The tradition of capturing live finches for their song is ingrained into life on the rocky island of Malta. The treasured cultural practice, known as ‘trapping’, is chronicled in historical record going back as far as 1565.
However, from 2009 to 2013, islanders were officially prevented under the EU’s Birds Directive from trapping the small, migratory birds that pass over the island twice each year.
This isn’t to say the custom contravenes EU rules, as the same directive was used to re-authorise the trapping in 2014 by applying a derogation, a supervised exemption “on a selective basis for certain birds in small numbers”.
So, with a derogation in place, why is this Maltese tradition threatened again, presented as a legal ‘grey’ area to the European Court of Justice? And how can the socio-cultural traditions of the people on Malta and in Europe be protected alongside the finches and other birds that pass overhead?
Part of the answer lies in the European Commission’s decision in relation to the live-capturing of Ortolan Buntings (a bird not dissimilar to the finch).
The similar tradition was tolerated by France, but not by the Commission, who took the country to court to implement a ban on the practice. In August of this year, before the issue would be decided in court, France “announced tougher measures” to protect the birds. The Commission elected to take the member state at its word rather than apply the rules and the scrutiny that comes with them, and the case was dropped last month.
By contrast, in seeking a derogation, Malta opened itself up to continuous supervision by European authorities who impose strict limits on the numbers birds trapped, select specific trapping methods, and put in place requirements on the eventual judicious use of caught birds. Any breaches of the set conditions are met with the harshest penalties and heaviest fines anywhere in Europe. And yet, Malta has been dragged before the European courts to fight yet again for an essential part of its cultural heritage. It appears that, in going by the book, Malta is having the book thrown at them.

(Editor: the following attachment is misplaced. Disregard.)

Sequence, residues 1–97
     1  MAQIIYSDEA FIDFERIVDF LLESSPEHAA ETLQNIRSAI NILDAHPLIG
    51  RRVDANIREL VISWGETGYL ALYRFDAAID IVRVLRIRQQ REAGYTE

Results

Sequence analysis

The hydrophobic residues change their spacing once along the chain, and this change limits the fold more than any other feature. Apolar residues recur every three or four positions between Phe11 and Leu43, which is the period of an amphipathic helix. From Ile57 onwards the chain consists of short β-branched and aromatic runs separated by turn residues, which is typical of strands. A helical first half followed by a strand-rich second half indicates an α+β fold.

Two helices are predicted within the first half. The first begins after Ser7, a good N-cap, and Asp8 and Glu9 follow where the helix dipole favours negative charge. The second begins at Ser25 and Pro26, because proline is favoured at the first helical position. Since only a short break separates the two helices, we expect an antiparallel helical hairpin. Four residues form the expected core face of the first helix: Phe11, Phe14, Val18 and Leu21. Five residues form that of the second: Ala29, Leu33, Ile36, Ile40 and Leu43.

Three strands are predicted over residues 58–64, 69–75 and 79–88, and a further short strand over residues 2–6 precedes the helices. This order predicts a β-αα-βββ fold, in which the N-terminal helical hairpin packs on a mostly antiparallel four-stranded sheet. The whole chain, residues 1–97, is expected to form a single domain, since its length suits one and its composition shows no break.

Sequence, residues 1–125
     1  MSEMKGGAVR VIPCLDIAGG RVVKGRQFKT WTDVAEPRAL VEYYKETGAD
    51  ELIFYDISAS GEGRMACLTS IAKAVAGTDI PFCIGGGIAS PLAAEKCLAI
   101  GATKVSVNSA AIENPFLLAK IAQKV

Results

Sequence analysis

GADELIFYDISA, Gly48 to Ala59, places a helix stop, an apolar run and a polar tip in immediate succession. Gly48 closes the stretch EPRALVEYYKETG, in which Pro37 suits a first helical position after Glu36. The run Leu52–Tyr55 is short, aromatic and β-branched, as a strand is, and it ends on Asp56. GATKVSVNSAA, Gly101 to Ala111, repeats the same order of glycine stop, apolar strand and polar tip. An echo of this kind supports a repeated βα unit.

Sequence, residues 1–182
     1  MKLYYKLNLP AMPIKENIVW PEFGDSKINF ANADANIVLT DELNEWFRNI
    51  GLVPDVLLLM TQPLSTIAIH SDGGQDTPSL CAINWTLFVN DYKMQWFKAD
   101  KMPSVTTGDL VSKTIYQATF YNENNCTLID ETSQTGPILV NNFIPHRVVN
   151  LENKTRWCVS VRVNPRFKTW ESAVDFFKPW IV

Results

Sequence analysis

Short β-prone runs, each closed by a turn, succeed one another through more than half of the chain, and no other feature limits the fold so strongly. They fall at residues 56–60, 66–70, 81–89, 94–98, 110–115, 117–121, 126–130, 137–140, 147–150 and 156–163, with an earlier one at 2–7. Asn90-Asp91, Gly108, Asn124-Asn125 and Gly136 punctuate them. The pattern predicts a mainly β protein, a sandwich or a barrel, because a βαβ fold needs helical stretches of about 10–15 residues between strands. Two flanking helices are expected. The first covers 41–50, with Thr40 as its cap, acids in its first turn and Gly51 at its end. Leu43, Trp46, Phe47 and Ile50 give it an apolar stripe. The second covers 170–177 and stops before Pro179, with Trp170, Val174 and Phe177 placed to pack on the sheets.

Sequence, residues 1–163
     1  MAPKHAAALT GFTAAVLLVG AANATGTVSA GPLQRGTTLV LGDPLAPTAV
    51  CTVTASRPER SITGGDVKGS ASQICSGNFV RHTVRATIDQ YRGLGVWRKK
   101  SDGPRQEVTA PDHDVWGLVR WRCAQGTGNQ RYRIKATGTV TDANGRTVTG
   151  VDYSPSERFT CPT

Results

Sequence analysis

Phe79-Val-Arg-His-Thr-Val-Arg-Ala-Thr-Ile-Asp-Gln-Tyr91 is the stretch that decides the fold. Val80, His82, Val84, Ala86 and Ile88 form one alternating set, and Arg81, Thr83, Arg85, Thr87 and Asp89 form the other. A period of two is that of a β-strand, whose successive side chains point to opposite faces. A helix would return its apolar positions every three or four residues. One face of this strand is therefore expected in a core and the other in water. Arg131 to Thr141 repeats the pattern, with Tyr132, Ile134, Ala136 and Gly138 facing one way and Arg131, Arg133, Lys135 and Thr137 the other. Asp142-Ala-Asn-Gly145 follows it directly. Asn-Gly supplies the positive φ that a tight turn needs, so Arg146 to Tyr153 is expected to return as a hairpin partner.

There are lessons in the case for other EU member states with bird-capturing traditions. France, Finland, Ireland, Italy, Portugal and Spain all have similar regional practices which operate under the same derogation that could face the same fate.
Malta could well be the sacrificial lamb used to send a message to EU member states to take unilateral bird protection action before the Commission gets involved. They will be watching the actions of the court closely.
They may consider pursuing the path chosen by Austria, where the same species of finch is caught using similar methods to that used on Malta. The question of whether a derogation need apply has been circumvented entirely because UNESCO has classified Austrian live-finch trapping an Intangible Cultural Asset.
It would be a cruel irony for Maltese trapping to be banned just as we move into 2018, the European Year of Cultural Heritage, a year in which Valletta, Malta’s capital, will be the European Capital of Culture.
Last month, the European Parliament, in its resolution on EU Action Plan for nature, people and the economy, welcomed “flexible approaches to implementation that take into account specific national circumstances, help reduce and progressively eliminate unnecessary conflicts and problems which have arisen between nature protection and socioeconomic activities.”; echoing a similar call made by the Council of the European Union last June.
The test case is here and soon we will know whether the direction proposed by the Commission will be applied. Upon the decision of the Court of Justice, member states will know whether their socio-cultural traditions are best protected by playing by the rules or avoiding their application altogether.